Sanctuary for Families’ Anti-Trafficking Initiative provides targeted outreach and specialized services to victims of sex trafficking. Sanctuary has long been a leader in policy advocacy and awareness building on this issue, and has been providing direct services to trafficking victims for over 15 years.

Created by funds from an anonymous donor that have been matched by the state of Florida, theFlorida State University Center for the Advancement of Human Rights has the mandate of facilitating the development of interdisciplinary human rights courses throughout the university and of fostering human rights scholarship; establishing human rights field placements for FSU students and engaging in direct human rights advocacy; and supporting nongovernmental organizations throughout the world that engage in human rights work.

It is estimated that thousands of children are trafficked into the United States each year, and potentially hundreds of thousands of children are trafficked within the U.S. for labor or commercial sexual services. These children suffer physical, sexual and emotional violence at the hands of traffickers, pimps, employers and others. Much of the current response to human trafficking in the United States has addressed survivors as one homogenous group without allowing for the special needs of children. In response to this systemic crisis, the Loyola University Chicago Center for the Human Rights of Children collaborates with a Continuously expanding network of individuals and organizations on a number of different projects.

Federal Resources and Agencies

Federal Strategic Action Plan on Services for Victims of Human Trafficking in the United States 2013-2017

The Anti-Trafficking in Persons Program leads the Health and Human Services’ Rescue and Restore Victims of Human Trafficking public awareness campaign, which established Rescue and Restore coalitions in 24 cities, regions and states. The National Human Trafficking Victim Assistance Program provides funding for comprehensive case management services on a per capita basis to foreign victims of trafficking and potential victims seeking HHS certification in any location in the United States.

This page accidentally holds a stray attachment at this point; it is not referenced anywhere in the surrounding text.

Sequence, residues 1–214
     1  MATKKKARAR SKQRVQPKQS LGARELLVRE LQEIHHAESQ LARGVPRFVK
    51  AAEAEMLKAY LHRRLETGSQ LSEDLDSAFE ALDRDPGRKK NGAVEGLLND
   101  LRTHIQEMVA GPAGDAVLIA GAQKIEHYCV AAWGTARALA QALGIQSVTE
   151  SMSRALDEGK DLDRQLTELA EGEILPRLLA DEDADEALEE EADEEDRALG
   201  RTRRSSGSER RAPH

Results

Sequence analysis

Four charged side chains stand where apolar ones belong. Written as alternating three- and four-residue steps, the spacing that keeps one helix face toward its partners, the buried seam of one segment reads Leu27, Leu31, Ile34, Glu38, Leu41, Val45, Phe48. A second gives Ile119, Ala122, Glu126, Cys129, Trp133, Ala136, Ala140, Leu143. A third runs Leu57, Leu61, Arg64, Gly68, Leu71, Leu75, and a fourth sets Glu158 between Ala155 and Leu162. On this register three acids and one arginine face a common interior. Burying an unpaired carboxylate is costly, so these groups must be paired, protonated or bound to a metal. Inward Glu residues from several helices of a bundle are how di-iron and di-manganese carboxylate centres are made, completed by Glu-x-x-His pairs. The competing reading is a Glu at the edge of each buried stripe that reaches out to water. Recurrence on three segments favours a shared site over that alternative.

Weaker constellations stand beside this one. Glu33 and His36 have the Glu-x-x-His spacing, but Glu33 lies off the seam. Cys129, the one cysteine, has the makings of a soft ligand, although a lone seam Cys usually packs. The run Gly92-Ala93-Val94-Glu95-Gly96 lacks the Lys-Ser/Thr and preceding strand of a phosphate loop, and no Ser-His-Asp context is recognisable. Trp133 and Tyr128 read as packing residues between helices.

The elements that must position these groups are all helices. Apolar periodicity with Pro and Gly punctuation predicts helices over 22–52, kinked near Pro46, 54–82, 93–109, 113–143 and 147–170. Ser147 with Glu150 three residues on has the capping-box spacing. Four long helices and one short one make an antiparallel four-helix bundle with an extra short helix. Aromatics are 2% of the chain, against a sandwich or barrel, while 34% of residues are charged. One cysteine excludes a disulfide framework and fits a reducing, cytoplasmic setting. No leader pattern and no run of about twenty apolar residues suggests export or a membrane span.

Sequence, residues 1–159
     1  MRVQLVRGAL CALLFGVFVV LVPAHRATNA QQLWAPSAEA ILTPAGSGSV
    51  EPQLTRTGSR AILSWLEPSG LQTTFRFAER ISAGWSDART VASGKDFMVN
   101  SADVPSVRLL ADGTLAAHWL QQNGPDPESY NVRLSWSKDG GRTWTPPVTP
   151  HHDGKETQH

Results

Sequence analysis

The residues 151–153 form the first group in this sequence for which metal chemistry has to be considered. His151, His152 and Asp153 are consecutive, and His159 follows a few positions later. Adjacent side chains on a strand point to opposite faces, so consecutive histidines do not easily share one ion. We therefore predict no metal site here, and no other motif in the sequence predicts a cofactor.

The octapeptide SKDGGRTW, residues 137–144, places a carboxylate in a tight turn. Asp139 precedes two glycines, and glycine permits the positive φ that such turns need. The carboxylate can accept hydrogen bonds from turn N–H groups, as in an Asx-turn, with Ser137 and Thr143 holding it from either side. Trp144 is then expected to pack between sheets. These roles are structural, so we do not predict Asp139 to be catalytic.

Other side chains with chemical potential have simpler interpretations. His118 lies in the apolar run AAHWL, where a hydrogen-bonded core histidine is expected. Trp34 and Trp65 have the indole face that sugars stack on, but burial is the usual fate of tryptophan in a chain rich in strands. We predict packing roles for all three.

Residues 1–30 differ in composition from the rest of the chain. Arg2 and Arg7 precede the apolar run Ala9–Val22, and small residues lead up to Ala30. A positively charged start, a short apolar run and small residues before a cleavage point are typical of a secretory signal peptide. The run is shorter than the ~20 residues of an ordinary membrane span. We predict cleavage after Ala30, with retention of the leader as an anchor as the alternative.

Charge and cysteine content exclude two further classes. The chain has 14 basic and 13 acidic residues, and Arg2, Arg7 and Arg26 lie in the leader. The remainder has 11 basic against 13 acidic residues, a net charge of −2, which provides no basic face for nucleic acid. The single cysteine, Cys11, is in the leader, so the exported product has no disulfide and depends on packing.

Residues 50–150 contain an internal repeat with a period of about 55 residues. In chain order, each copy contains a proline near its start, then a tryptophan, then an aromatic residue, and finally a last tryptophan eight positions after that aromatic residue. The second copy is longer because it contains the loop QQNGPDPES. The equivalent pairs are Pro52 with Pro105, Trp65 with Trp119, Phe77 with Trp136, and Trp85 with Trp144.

The Department of State’s Office to Monitor and Combat Trafficking in Persons leads the United States’ global engagement in the fight against human trafficking, partnering with foreign governments and civil society to develop and implement effective strategies for confronting modern slavery. The office has responsibility for bilateral and multilateral diplomacy, targeted foreign assistance and public engagement on trafficking in persons.

To combat modern-day slavery, the Department of Homeland Security launched the Blue Campaign, a unique initiative to coordinate and enhance efforts to address human trafficking.
of children are trafficked within the U.S. for labor or commercial sexual services. The campaign’s name references the global anti-human trafficking Symbols, the Blue Heart and the Blue Blindfold, as well as the “thin blue line” of law enforcement. The Blue Campaign is organized around the “three Ps” of the Trafficking Victims Protection Act of 2000: Prevention, Protection and Prosecution.

The Department of Justice has included investigating human trafficking among its top priorities. Human trafficking is reputed to be one of the most profitable endeavors of organized crime and the fastest growing, an endeavor that enslaves thousands
of people within our borders each year and perhaps millions outside those borders. It is a crime of increasing proportions, fully repugnant to American beliefs, a crime that preys on the world’s most vulnerable people. The Bureau of Justice Assistance began building on Office for Victims of Crime efforts to assist victims of trafficking in persons. While the TVPA provides for services to foreign victims of trafficking and prosecution of human trafficking at the federal level, it is often local law enforcement personnel who initially encounter victims of trafficking in the course of their daily operations. Therefore, local-level policing that is informed about victim identification and the available victim services, when combined with federal investigative capacity and coordinated with the U.S. Attorney’s Office, presents a formidable force for the investigation and prosecution of human trafficking.